The Stand director Josh Boone says: I finished writing the script maybe a month ago. Stephen [King] absolutely loved it. It’s, I think, the first script ever approved by him. [It’ll be] a single version movie. Three hours. It hews very closely to the novel…I don’t imagine we would shoot the movie until next Spring at the earliest. His full comments are available at Collider.
The big news, of course, is the fact that Mr. Mercedes is the first book in a proposed trilogy. King has already finished the first draft of the second novel, which will be called Finders Keepers. The tentative publication date is sometime in the first half of 2015. King says that the three books “seem to revolve around the City Center Massacre that opens Mr. Mercedes.”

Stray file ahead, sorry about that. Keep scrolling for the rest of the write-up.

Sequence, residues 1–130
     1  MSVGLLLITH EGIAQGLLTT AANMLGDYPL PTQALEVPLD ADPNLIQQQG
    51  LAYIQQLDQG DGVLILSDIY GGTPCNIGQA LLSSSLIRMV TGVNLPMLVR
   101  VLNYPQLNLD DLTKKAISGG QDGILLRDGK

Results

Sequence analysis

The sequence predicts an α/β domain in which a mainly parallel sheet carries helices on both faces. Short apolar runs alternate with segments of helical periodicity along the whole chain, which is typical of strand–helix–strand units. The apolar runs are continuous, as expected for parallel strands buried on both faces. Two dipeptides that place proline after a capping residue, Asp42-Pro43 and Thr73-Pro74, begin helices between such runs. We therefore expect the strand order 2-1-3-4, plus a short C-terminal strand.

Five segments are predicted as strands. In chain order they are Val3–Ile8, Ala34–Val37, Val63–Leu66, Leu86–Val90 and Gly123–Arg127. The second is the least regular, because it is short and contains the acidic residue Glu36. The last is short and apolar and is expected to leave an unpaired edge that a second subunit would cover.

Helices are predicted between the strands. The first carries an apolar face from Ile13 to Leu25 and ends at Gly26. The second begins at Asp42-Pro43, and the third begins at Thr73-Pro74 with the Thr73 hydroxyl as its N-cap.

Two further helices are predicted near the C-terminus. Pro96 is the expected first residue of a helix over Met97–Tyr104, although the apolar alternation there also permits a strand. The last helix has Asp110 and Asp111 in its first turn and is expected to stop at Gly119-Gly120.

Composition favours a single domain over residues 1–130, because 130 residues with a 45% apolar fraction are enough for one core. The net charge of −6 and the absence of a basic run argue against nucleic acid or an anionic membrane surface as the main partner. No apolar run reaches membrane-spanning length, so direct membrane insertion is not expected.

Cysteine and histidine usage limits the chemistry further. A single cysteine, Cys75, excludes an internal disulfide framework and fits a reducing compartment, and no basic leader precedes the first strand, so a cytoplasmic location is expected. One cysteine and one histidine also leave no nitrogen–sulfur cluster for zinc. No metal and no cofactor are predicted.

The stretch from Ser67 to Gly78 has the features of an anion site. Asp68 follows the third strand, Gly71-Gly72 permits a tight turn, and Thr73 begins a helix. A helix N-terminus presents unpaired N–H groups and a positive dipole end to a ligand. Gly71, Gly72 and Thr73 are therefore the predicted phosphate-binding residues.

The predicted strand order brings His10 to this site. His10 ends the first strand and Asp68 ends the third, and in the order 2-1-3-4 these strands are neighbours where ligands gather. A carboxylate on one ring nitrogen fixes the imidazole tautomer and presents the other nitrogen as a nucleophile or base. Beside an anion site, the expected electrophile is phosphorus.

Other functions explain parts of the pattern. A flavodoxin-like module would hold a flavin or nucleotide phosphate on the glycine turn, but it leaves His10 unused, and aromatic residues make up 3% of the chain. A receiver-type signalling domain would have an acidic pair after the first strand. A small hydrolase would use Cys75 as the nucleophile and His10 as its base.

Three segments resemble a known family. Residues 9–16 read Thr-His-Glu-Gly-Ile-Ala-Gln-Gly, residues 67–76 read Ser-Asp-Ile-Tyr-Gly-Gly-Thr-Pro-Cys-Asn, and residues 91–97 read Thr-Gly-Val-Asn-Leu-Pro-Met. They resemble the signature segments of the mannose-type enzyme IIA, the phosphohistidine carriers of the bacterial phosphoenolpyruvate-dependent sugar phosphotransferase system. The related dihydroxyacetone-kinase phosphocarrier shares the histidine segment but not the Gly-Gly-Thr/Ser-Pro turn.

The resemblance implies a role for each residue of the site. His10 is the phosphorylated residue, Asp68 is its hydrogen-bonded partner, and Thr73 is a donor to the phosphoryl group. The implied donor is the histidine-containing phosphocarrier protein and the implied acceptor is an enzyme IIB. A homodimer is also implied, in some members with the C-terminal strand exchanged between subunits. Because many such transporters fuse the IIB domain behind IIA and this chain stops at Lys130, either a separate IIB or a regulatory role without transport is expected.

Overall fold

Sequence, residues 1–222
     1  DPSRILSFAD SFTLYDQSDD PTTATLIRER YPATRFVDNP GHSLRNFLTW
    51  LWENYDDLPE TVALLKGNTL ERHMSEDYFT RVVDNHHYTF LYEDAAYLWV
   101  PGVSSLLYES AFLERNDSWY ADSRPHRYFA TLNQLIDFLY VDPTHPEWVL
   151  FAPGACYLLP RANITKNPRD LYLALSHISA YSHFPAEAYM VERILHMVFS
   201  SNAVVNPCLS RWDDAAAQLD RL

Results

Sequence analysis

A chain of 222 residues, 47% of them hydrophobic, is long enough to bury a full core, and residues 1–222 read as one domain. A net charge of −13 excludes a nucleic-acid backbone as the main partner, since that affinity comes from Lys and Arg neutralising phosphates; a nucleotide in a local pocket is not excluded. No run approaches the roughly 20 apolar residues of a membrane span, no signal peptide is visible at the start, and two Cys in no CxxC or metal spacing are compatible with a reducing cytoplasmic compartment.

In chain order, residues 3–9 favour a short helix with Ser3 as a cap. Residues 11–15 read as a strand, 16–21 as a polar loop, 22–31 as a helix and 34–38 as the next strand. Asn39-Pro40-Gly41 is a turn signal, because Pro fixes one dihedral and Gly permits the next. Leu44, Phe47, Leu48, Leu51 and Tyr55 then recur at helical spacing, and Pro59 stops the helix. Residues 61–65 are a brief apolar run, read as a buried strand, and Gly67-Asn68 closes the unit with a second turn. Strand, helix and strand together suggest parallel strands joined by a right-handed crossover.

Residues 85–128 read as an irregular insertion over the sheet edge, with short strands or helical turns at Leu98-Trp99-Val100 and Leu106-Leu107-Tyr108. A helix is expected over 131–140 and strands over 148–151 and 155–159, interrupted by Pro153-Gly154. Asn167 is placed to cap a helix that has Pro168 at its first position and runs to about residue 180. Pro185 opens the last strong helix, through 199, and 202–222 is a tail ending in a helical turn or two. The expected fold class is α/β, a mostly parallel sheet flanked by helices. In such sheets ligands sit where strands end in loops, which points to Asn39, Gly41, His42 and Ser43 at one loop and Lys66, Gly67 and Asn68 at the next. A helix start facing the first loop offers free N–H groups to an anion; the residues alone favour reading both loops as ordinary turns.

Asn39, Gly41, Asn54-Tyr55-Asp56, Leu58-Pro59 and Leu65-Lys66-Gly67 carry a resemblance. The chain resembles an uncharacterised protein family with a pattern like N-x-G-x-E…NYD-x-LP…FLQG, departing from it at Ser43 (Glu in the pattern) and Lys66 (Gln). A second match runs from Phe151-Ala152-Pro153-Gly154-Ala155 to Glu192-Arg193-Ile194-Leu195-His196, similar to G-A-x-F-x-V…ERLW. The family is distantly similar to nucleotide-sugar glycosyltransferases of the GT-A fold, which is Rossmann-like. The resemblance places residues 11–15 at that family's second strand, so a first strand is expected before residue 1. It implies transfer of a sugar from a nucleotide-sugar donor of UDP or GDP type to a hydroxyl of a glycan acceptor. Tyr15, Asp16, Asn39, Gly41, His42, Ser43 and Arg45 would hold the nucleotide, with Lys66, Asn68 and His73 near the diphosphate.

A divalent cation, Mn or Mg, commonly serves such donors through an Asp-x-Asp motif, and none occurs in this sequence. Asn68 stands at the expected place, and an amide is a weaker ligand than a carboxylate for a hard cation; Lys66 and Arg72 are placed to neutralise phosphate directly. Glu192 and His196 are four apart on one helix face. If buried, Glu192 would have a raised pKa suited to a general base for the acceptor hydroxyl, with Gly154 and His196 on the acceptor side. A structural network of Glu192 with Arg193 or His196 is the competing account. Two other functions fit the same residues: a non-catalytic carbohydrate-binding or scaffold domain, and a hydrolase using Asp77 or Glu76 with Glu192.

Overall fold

Before we get to Finders Keepers, though, we have Revival, which comes out in November. The newly released paperback edition of Doctor Sleep contains an eight-page excerpt of that novel. And there is a good possibility of a collection in late 2015, bringing together all of the recent short story appearances, including some of those that you can find on my list here. No word yet on whether there will be any brand new stories in the collection. The third book in the Mr. Mercedes trilogy will presumably be out in 2016. I don’t think we’ve known King’s publication schedule so far in advance since 1986-7, when we knew about the next four books he planned to publish.
Big news for people who haven’t had a chance to see Ghost Brothers of Darkland County yet. The musical play will go on tour this fall, with dates in Orono, Toronto, Philadelphia, Durham, Washington, D.C., Baltimore, Red Bank, N.J., Portland, ME, Boston, Providence, New York, Detroit, Chicago, St. Louis, Denver, Phoenix, Los Angeles and San Francisco in November and December. See the announcement here.